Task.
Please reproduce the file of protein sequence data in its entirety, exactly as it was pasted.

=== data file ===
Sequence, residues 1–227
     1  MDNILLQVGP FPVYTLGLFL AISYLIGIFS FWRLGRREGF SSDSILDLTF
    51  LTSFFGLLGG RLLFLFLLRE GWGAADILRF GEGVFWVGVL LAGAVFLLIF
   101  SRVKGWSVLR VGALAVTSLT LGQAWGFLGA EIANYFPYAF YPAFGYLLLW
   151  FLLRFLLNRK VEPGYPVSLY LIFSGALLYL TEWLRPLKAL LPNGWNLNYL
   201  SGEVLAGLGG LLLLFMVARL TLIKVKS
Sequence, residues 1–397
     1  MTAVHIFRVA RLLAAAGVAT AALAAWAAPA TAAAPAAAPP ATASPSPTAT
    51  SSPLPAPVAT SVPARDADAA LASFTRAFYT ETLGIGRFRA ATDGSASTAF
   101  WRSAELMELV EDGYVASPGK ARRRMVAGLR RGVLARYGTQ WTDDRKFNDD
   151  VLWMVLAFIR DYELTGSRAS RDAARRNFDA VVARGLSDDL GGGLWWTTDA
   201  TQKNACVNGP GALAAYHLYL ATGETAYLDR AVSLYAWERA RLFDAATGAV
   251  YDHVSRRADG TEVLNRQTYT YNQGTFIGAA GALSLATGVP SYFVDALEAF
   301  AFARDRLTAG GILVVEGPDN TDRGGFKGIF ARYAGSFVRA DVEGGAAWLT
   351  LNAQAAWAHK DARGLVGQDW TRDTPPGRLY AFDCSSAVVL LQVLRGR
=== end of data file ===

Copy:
Sequence, residues 1–227
     1  MDNILLQVGP FPVYTLGLFL AISYLIGIFS FWRLGRREGF SSDSILDLTF
    51  LTSFFGLLGG RLLFLFLLRE GWGAADILRF GEGVFWVGVL LAGAVFLLIF
   101  SRVKGWSVLR VGALAVTSLT LGQAWGFLGA EIANYFPYAF YPAFGYLLLW
   151  FLLRFLLNRK VEPGYPVSLY LIFSGALLYL TEWLRPLKAL LPNGWNLNYL
   201  SGEVLAGLGG LLLLFMVARL TLIKVKS
Sequence, residues 1–397
     1  MTAVHIFRVA RLLAAAGVAT AALAAWAAPA TAAAPAAAPP ATASPSPTAT
    51  SSPLPAPVAT SVPARDADAA LASFTRAFYT ETLGIGRFRA ATDGSASTAF
   101  WRSAELMELV EDGYVASPGK ARRRMVAGLR RGVLARYGTQ WTDDRKFNDD
   151  VLWMVLAFIR DYELTGSRAS RDAARRNFDA VVARGLSDDL GGGLWWTTDA
   201  TQKNACVNGP GALAAYHLYL ATGETAYLDR AVSLYAWERA RLFDAATGAV
   251  YDHVSRRADG TEVLNRQTYT YNQGTFIGAA GALSLATGVP SYFVDALEAF
   301  AFARDRLTAG GILVVEGPDN TDRGGFKGIF ARYAGSFVRA DVEGGAAWLT
   351  LNAQAAWAHK DARGLVGQDW TRDTPPGRLY AFDCSSAVVL LQVLRGR